National Eat a Cranberry Day Date in the current year: November 23, 2024

National Eat a Cranberry Day November 23 is the perfect day to put some cranberry jam on your toast or cranberry sauce on your steak because it is National Eat a Cranberry Day. This unofficial holiday was created to celebrate a tart red berry that is rarely eaten on its own but can be used to make an impressive variety of dishes.

Cranberries are a group of evergreen creeping shrubs or vines in the genus Vaccinium that grow in acidic bogs throughout the cool temperate regions of the Northern Hemisphere. Their closest relatives are bilberries, blueberries, and huckleberries. The name “cranberry” derives from the German word kraanebere, which is literally translated into English as “crane berry”. Dutch and German colonists in New England named the plant so because its flowers resemble cranes.

The two most common cranberry species are Vaccinium oxycoccos (common cranberry) and Vaccinium macrocarpon (large cranberry or American cranberry). The former is widespread throughout the Northern Hemisphere and cultivated in central and northern Europe, whereas the latter is native to North America and cultivated in the United States, Canada and Chile (by the way, these three countries are the world’s largest cranberry producers).

Fresh cranberries are a good source of vitamin C (ascorbic acid) and manganese, which is an essential dietary mineral. Dried cranberries, however, do not contain vitamin C because it breaks down during the drying process. Raw cranberries are tart and bitter, so they are usually added to various dishes rather than eaten fresh. In the United States and Canada, cranberries are associated with Thanksgiving and Christmas because they are harvested in the fall and used to make cranberry sauce for roast turkey, as well as added to various holiday baked treats.

Like most other unofficial food days celebrated in the United States, National Eat a Cranberry Day has murky origins, but it hardly stops people from observing it. The best way to celebrate the holiday is, of course, to eat cranberries. Since these berries have a rather pungent flavor, we won’t insist that you eat them raw. There are many ways to enjoy cranberries and make the most of their health benefits without subjecting yourself to their tartness.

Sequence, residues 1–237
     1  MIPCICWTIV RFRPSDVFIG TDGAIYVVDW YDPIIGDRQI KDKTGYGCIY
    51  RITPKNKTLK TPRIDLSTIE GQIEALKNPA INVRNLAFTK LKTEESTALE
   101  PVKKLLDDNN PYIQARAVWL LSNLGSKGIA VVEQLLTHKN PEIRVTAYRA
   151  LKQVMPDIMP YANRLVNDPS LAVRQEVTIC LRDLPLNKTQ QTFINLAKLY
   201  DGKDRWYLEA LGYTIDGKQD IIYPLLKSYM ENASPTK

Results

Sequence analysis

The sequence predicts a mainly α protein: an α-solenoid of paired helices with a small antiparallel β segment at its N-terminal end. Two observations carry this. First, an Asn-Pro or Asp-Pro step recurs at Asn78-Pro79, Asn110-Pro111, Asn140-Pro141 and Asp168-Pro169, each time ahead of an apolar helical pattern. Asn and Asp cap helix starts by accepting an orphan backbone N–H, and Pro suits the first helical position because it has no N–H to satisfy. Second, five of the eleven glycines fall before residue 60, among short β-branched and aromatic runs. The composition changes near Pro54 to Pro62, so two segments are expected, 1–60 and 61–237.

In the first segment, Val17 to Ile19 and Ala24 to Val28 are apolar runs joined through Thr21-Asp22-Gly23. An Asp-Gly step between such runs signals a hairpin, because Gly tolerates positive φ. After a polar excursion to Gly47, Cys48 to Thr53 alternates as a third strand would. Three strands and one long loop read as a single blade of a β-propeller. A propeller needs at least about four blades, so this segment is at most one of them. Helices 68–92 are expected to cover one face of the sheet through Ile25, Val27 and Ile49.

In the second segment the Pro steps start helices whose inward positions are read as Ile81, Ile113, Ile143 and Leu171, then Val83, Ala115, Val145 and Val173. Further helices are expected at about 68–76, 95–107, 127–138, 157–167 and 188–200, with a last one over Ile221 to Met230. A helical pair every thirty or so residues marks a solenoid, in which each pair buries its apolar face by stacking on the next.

You can incorporate cranberries into various baked treats, make a smoothie from cranberries and other ingredients that will balance out their tartness, use cranberries in a delicious sauce or marinade, make cranberry jam, add sun-dried cranberries to your yogurt or oatmeal, enjoy trail mix or other snacks with dried cranberries, drink cranberry juice or a cocktail that includes it (a great excuse to have a couple of Cosmopolitans for brunch, by the way).

You also can celebrate National Eat a Cranberry Day by learning interesting facts about cranberries, sharing your favorite recipes that call for fresh or dried cranberries, and spreading the word about the holiday on social media with the hashtags #EatACranberryDay and #NationalEatACranberryDay. Hopefully it will encourage your friends to get into festive mood by enjoying cranberries.

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Unofficial Holidays



National Eat a Cranberry Day, unofficial holidays, observances in the US, food days, food holidays, cranberries